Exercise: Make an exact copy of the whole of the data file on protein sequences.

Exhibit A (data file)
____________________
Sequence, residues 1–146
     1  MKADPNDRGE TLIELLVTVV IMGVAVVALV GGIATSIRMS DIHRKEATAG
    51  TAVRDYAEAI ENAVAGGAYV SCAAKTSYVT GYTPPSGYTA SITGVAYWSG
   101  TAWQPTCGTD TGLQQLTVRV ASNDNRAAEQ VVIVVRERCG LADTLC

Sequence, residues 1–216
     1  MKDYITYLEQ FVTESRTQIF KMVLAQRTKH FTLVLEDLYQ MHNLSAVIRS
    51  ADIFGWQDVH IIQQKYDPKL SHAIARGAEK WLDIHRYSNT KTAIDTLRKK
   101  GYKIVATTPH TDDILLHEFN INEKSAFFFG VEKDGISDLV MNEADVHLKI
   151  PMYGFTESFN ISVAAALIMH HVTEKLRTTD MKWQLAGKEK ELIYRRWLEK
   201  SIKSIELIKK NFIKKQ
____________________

Sequence, residues 1–146
     1  MKADPNDRGE TLIELLVTVV IMGVAVVALV GGIATSIRMS DIHRKEATAG
    51  TAVRDYAEAI ENAVAGGAYV SCAAKTSYVT GYTPPSGYTA SITGVAYWSG
   101  TAWQPTCGTD TGLQQLTVRV ASNDNRAAEQ VVIVVRERCG LADTLC

Sequence, residues 1–216
     1  MKDYITYLEQ FVTESRTQIF KMVLAQRTKH FTLVLEDLYQ MHNLSAVIRS
    51  ADIFGWQDVH IIQQKYDPKL SHAIARGAEK WLDIHRYSNT KTAIDTLRKK
   101  GYKIVATTPH TDDILLHEFN INEKSAFFFG VEKDGISDLV MNEADVHLKI
   151  PMYGFTESFN ISVAAALIMH HVTEKLRTTD MKWQLAGKEK ELIYRRWLEK
   201  SIKSIELIKK NFIKKQ